Privateer Profile: Solitaire

August 2, 2007 9:12am

My mind is a constant jumble of things I want to do, things I have to do, and things I should do. There are things I have to do, like paying bills, booking plane tickets, and writing paychecks. The things I want to do would include extracurricular activities such as a round of golf with my buddies or a date with my gorgeous wife. But the things I should do are the ones that keep me up at night.
Elementary school would have been the perfect time to start a career. My days were filled with things like spelling tests, recess, and riding bikes in my front yard. I’m sure back then I could have worked in some quality time planning my future endeavors, but I was too busy being a kid.

Middle school consisted mainly of trying not to get in fights with Albuquerque’s hardcore gangsters (like Ivan Tedesco) who ran my school the way Tony Soprano runs New Jersey.

Team Solitaire's Ryan Clark

photo: Simon Cudby

High school was when things started to get a little more hectic for me. Between schoolwork and travel for racing, there wasn’t too much time left for prom, homecoming, or even school sports. But even with all that I thought was going on in my world, I was free to dream as big as I could and then go out and chase it. It was right about this time that I figured out exactly which dream I wanted to chase. But without much guidance, I was making mistake after mistake and taking the roughest line both on and off the track. I didn’t have a riding coach, a trainer, or a whole lot of money in the bank. What I did have was a 1990 Ford F-150 and a map, so I started driving.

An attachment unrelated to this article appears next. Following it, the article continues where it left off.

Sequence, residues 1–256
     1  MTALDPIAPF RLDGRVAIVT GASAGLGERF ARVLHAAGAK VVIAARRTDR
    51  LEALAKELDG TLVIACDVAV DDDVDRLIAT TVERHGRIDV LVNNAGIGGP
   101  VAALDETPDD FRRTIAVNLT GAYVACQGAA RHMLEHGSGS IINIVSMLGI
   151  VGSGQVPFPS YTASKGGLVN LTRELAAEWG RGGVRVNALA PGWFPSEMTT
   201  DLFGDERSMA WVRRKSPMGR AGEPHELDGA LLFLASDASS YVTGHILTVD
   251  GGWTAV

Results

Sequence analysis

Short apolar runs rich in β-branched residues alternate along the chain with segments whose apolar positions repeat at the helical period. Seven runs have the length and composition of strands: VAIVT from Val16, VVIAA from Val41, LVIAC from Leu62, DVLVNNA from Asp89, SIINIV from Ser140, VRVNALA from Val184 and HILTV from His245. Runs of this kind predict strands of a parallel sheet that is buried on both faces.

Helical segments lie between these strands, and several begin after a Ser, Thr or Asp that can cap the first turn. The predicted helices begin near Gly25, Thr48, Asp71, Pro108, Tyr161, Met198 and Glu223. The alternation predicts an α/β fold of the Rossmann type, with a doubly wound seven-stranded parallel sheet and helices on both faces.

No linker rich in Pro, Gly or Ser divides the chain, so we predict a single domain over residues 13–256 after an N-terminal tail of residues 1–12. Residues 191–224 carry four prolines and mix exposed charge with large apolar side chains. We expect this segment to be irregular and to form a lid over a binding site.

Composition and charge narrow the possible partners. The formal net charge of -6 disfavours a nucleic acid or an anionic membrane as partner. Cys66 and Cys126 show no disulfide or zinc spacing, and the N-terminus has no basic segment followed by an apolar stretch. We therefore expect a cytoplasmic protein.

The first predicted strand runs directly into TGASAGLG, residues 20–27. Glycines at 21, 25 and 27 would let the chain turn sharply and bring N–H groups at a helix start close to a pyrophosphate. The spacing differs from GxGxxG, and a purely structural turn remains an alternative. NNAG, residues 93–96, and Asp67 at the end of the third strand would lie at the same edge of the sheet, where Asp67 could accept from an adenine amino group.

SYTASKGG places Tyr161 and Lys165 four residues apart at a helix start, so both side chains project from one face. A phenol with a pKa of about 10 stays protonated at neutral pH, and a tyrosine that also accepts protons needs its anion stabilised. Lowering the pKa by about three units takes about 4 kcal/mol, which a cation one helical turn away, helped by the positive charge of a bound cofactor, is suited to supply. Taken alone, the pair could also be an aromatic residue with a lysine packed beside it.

I think the ultimate irony in life is that by the time you have gained the knowledge you need to really understand something and the financial stability to pursue it, you rarely have the time left to realize it. This isn’t true in all facets of life, but it certainly holds water when it comes to things like professional sports. It seems that, at least in motocross, the riders who are currently the most successful—Ricky Carmichael and James Stewart—really didn’t have very many career options. Their parents pushed them very hard from an early age and, at least in their cases, they became accomplished motorcycle racers. My parents, on the other hand, really didn’t want me to do this for a living and gave me a million other options before I settled on this as a career. So while I was busy being a kid, James and Ricky were being trained like Ivan Drago. By the time I had gained the knowledge and experience that led me to the decision that I wanted to become a professional, I was already a good lap down.

Now I’m 29, and I have a family of my own. I believe that I possess the knowledge needed to become a champion, although only time will tell if I am able to do it myself or if I will have to pass it on to the next generation though my race team. When I look back at my childhood and adolescence, it was the best time of my life. I learned things on my own and made so many mistakes on my path to success. I believe that I am successful not because I have a lot of money or have won a thousand races, but because I am happy and content in my life. Starting at a disadvantage is not an excuse for failure, but rather a catalyst for hard work. Better late than never, so the saying goes. 

There are a billion paths you could follow in life, each one leading you to a different place. Do the things you have to do because you can never turn your back on your responsibilities. Do the things you want to do because those are the ones that make you appreciate life; they are rewards for your hard work. And lastly, do the things you should do. Those are the ones that keep you dreaming and, more importantly, keep you young at heart.